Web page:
BCTECH Summit Youth Innovation Day

All of us at MIDAS are getting excited about the upcoming Selkirk College GLOWS RoboGames!  As advocates for technology and innovation education, we want to draw your attention, too, to the #BCTECH Summit and their efforts towards nurturing tech & innovation in our next generation.

This year’s #BCTECH Summit Youth Innovation Day will be held on Wednesday, May 16th.  The theme is Breakthroughs: The Power of Curiosity and Ambition.

There will be a ton going on, and so much to see and explore, to encourage and engage, supporting innovative thinking in the youth who attend.  From cool science to state-of-the-art cars to meeting young entrepreneurs there will be no shortage of inspiration!

This will be a full day designed for high school students in grades 10 to 12.  They can visit with local researchers demonstrating innovative technologies in the Marketplace and Technology Showcase, listen to inspiring speakers share the ways they are changing the world around us through technology, and gather practical information from post-secondary institutions and companies seeking the next generation of talent.

There will be winning Science Fair projects and an epic battle of the robots in the VEX Robotics tourney.  Mentor tables will offer opportunities to meet with leaders in BC tech, where kids can get some insight into what it takes to embark on a career in technology.

Post-Secondary institutions will be on hand to help guide prospective students in the right direction to pursue the various avenues in tech education and careers.

For Secondary School educators:   The Solution Room offers the teacher chaperones an invaluable opportunity to meet and collaborate on how they are addressing the new secondary curriculum.

Find out more HERE!

Take a look at how it all went down last year:

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MIDAS Course: Shopbot CNC (Desktop & Alpha)

Tracy Connery Photography - #madeatMIDAS- Starlight Snowboards Shopbot CNC course at MIDAS

Snowboards created using the Shopbot CNC for new company, Starlight Snowboards

The possibilities available to make an incredible range of products, from woodworking to ski & snowboards to musical instruments and so much more are so exciting!

The next Shopbot CNC course is March 9th, 2018.  Register HERE to reserve your seat!

Showbot CNC course at MIDASLooking to revamp your kitchen or shop? Making cabinet components on a CNC router is entirely do-able. Using CNC technology, cabinetmakers are now able to increase production while minimizing material handling.  In addition to high-volume furniture and millwork companies, novice and master craftsmen alike are embracing CNC technology.

Need a sign for your business and want to give it some oomph? Shopbots can be used to carve images in wood and foam, to cut plastic and aluminum letters, and to intricately machine the all sorts of graphic objects and letters. Full 3D cutting capabilities allow cutting and machining of practically anything.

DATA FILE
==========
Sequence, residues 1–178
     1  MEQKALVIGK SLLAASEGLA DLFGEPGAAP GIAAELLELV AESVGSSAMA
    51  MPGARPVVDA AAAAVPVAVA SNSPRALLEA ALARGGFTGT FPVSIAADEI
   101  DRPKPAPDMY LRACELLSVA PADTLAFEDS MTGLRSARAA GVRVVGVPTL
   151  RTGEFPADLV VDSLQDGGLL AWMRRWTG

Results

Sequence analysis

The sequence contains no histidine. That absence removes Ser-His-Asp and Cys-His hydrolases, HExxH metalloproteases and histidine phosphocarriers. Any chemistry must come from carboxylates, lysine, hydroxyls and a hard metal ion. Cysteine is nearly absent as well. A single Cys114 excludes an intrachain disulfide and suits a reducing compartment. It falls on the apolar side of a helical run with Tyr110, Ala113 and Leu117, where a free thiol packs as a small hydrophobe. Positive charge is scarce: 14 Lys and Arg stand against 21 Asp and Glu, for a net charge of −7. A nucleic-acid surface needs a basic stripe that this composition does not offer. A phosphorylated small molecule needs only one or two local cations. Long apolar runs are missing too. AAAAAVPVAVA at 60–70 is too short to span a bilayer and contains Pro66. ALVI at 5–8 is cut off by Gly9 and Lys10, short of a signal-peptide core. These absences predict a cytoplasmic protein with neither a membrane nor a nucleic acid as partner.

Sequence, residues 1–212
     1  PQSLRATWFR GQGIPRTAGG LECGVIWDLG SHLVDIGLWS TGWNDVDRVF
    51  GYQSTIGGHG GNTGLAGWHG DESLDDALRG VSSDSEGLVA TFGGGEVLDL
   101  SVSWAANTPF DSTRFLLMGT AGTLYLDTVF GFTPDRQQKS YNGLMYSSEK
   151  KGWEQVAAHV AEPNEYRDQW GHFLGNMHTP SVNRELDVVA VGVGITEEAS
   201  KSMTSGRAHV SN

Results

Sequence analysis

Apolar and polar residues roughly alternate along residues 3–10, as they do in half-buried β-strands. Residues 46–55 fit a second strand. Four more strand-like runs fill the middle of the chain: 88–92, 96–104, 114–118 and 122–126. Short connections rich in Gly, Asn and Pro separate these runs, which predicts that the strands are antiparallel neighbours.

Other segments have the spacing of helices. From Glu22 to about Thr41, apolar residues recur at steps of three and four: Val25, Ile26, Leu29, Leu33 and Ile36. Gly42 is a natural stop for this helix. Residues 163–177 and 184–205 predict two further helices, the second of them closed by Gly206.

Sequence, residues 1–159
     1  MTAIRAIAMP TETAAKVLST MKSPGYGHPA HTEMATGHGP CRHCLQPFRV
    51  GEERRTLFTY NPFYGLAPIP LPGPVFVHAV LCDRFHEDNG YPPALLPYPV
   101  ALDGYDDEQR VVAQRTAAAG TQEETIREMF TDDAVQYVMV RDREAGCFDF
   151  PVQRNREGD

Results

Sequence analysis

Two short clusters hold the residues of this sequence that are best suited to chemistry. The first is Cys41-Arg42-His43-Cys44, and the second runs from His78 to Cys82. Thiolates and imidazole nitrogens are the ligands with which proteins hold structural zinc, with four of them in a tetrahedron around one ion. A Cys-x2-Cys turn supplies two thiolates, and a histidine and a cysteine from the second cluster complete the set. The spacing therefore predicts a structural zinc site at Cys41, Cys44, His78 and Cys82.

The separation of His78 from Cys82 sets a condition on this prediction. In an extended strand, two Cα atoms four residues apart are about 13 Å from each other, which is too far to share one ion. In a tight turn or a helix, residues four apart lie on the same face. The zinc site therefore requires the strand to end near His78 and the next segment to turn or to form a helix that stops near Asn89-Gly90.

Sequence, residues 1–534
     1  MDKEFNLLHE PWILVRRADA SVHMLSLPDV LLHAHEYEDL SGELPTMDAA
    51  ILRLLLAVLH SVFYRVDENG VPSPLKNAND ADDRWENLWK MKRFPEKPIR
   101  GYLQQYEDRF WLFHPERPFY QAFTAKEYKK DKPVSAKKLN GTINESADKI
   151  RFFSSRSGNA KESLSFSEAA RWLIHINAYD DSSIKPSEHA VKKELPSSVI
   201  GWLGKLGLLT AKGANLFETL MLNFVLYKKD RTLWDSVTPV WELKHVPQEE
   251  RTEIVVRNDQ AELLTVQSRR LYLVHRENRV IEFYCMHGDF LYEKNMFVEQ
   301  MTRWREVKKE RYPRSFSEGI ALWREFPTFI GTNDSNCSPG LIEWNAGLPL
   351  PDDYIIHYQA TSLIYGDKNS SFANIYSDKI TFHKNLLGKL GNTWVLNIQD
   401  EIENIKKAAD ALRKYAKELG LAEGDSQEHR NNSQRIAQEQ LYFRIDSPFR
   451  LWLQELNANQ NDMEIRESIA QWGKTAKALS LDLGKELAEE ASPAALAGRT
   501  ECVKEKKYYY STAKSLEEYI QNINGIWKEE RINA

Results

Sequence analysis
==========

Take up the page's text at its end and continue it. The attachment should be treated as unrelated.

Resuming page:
Maybe you’re a water sports enthusiast with a vision of building your dream boat. Boatbuilding is a natural for utilizing the benefits of CNC technology.  In fact, the first ShopBot was developed as a boatbuilder’s tool. In boatbuilding, Shopbot CNCs are used for cutting frames, plywood panels and all manner of interior and exterior parts. They are used in wood, fiberglass and aluminum production processes.

Looking to create your dream guitar?  The Shopbot CNC can supplement your traditional woodworking tools. While the CNC may not duplicate all of the specialized processes involved in instrument making, it can offer new capabilities to assist in bringing your instrument to completion.

Makers of all disciplines:  the Shopbot CNC can be used in many ways for prototyping, reverse engineering and modeling. As a rapid prototyping tool, this equipment can machine foam, wood, plastics and aluminum to efficiently create prototype and reproduction parts. Shopbots are used in large-scale production, from Boeing’s F/A-18 Hornet fighter jet to WoodMode’s custom cabinets.  Production operations from drilling and trimming to more complex milling or machining are easily customized and incorporated into cellular production operations.

CNC stands for computer numerical control and a CNC router only functions connected to a computer equipped with software to direct the tool path of the machine. A power tool router is affixed to the machine that directs its X and Y coordinates as it cuts. Router bits of various shapes and sizes are used for achieving different cutting results.

CNC routers can be used to cut wood, foam, and plastics. Projects include interior and exterior decorations, signage, wood frames, toys, finishing carpentry (cabinets, mouldings), as well as larger objects like furniture, boats, and even houses.

The next Shopbot CNC course is March 9th, 2018.  Register HERE to reserve your seat!